Without a doubt in my mind, the next manager of the Twins will be Paul Molitor. After expressing little interest in manager job openings in Toronto, Milwaukee and Seattle over the years, Molitor has decided he is ready to give it a try.
But don’t expect the change this season because the Pohlad family has a lot of respect for current manager Ron Gardenhire and will likely let him finish the season, unless Gardenhire decides to quit.
Molitor was in uniform as a Twins coach when he worked for three seasons as a bench coach for Tom Kelly. Molitor has been working with the Twins as a special instructor since Gardenhire was hired as manager in 2002, with the exception of the 2004 season, when he left to be Mariners hitting coach.
The Twins had a gigantic coaching shake-up after going 66-96 last season — firing Steve Liddle, Jerry White and Rick Stelmaszek, and reassigning Joe Vavra and Scott Ullger while keeping them on the staff. At that point Molitor informed the Twins, after talking to his wife and thinking it over, that he was ready to take a coaching job if it was offered.
Molitor thought it was going to happen and the Twins front office wanted it to happen, but instead Gardenhire decided he wanted former Twins catcher Terry Steinbach as bench coach rather than Molitor.
Molitor has close ties
Molitor is a first-ballot Hall of Famer (2004) with tremendous ties to the Twin Cities, having grown up in St. Paul, graduating from Cretin-Derham Hall and playing with the Gophers before being drafted third overall by the Brewers in the 1977 draft and eventually ending his career with the Twins.
Molitor also has a good working relationship with several of the Twins’ minor league squads, having helping as a roving instructor with those teams for years.
He would be a tremendous guide for the franchise’s upcoming young stars. Molitor would be a great mentor for players such as outfielder Byron Buxton and third baseman Miguel Sano because he knows what it’s like to be a productive player in the major leagues after minimal time in the minors.
Molitor came to the majors as a 21-year-old after only one season in the minors. He proceeded to hit .273, steal 30 bases, score 73 runs and collect 142 hits and finished second to Detroit’s Lou Whitaker in the 1978 American League Rookie of the Year voting. He reached his first All-Star Game at 23 and led the majors in runs scored (136 in 1982) at 25.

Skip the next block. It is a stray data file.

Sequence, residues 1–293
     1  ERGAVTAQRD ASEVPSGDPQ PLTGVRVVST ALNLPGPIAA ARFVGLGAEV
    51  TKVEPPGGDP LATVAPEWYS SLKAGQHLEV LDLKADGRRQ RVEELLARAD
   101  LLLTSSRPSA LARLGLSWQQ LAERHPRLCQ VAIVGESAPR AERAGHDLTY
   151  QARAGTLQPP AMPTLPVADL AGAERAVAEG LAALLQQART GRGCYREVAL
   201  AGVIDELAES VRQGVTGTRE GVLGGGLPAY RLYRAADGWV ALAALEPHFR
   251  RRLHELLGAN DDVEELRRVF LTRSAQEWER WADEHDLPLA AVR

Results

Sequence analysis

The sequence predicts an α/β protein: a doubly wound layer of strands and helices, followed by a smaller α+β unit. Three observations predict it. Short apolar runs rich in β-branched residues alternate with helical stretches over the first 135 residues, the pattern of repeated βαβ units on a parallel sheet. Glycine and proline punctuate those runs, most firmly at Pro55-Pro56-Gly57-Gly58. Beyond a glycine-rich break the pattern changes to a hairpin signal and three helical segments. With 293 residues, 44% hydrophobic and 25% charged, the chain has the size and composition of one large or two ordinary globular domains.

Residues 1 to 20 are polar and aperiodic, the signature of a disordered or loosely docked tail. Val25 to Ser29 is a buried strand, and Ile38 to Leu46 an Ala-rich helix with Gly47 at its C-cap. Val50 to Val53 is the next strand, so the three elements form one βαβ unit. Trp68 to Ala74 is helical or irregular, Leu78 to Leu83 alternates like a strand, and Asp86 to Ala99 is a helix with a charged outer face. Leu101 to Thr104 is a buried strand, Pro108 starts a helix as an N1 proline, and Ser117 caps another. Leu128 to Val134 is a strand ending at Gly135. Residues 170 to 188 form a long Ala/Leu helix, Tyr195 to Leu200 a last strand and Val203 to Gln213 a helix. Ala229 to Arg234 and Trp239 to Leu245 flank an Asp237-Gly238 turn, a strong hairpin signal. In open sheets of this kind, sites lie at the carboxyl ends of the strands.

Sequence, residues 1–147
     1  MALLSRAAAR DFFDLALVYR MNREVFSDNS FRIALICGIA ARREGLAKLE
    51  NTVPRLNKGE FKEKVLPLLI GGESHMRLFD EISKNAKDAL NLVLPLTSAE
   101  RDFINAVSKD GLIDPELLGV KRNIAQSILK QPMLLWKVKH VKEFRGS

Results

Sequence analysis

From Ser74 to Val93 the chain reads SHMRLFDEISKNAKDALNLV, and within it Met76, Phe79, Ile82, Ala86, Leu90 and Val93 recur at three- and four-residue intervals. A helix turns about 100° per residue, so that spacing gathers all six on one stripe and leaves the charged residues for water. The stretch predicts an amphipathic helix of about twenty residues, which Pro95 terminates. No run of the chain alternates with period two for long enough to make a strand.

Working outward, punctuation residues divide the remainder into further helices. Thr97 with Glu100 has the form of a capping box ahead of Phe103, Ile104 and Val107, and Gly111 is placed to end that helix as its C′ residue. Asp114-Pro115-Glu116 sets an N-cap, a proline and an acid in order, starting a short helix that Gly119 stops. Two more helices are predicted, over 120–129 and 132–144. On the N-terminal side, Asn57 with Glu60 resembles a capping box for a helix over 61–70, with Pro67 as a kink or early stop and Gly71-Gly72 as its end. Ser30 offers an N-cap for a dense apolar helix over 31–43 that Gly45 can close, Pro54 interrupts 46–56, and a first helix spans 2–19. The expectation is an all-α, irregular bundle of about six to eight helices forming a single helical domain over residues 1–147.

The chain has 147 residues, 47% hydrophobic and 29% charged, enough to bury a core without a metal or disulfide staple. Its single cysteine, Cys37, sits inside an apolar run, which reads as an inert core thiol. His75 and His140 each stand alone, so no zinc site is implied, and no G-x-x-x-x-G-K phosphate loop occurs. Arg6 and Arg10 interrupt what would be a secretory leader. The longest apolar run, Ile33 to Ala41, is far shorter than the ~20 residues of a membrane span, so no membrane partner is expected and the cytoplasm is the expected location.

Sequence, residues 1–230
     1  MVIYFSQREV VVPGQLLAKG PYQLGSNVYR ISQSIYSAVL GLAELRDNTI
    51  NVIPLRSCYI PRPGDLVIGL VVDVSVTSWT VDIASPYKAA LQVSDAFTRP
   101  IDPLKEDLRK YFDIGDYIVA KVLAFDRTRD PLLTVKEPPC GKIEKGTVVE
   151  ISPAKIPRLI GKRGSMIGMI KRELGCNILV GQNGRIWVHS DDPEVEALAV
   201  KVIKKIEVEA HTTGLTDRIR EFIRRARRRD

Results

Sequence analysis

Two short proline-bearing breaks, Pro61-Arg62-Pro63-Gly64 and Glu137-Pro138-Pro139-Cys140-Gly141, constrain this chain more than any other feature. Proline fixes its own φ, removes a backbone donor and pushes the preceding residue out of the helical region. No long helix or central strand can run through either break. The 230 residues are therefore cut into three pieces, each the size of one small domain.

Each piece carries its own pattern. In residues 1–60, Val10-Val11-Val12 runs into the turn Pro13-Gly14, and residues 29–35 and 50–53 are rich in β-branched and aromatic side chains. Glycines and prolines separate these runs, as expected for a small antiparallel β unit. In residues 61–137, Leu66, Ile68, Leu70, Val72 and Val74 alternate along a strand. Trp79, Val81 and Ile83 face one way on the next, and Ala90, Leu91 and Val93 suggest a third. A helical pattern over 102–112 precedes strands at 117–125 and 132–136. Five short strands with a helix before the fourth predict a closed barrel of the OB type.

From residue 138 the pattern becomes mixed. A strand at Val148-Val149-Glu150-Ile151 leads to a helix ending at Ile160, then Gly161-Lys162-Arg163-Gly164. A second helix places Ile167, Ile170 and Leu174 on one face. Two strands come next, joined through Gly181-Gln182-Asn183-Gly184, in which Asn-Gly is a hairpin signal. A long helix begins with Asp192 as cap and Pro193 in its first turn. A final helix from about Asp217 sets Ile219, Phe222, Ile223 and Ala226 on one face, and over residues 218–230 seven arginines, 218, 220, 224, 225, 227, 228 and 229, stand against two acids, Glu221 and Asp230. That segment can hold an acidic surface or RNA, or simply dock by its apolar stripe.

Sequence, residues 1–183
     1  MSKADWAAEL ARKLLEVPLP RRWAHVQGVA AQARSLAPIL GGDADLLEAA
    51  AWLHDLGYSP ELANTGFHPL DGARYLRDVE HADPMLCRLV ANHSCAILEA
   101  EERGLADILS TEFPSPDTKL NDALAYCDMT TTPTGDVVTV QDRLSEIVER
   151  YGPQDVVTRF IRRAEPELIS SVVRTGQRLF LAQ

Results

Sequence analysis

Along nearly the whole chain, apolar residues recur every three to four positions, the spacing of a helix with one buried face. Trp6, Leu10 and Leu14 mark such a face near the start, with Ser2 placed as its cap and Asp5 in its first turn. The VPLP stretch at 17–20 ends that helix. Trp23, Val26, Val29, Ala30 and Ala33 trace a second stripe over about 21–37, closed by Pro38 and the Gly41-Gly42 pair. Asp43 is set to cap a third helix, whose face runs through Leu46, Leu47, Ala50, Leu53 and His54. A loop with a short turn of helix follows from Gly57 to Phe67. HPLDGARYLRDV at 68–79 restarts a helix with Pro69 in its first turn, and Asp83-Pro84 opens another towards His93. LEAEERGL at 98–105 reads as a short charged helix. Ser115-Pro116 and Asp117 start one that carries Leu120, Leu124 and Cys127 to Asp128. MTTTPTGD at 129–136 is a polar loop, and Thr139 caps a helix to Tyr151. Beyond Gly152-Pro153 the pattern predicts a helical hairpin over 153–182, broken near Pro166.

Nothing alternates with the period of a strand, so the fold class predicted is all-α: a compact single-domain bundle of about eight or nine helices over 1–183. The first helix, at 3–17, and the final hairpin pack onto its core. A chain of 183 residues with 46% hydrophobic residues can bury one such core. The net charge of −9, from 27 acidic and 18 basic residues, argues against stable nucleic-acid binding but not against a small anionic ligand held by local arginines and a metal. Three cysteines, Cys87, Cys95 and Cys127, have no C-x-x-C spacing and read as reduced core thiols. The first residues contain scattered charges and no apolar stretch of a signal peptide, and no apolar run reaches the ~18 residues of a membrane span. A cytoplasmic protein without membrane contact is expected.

Surely the Twins would feel comfortable having a person with Molitor’s history and talent there to guide their upcoming stable of young talent.
It’s that young talent that should keep fans hopeful that the Twins won’t replicate the long-term struggling squads that the franchise produced twice since moving to Minneapolis. For 15 seasons from 1971 to 1986, the team averaged 84 losses. During a stretch from 1995 to 2001, the Twins averaged 91 losses per season under Kelly.
For the team to be successful sooner rather than later, it’s going to need these young prospects to come up and produce while established players such as Joe Mauer and Justin Morneau are still playing at a high level. The Twins have to feel like Molitor is the best man to lead that team.
Kill works on PR
Gophers football coach Jerry Kill is doing everything he can to increase students’ interest in his team.
Before school let out, Kill and others in the athletic department met with 75 different groups, clubs or organizations to talk about getting more students to the games.
“We had a great dialogue with them,” said David Benedict, associate athletic director. “We talked about a lot of things and I think we got some great ideas moving. That was in addition that to the study that the MBA Group of the Carlson school did for us that also called out some things. We are working with [fraternities and sororities] and a lot of other various individual groups on campus to get them more engaged in the football game day.”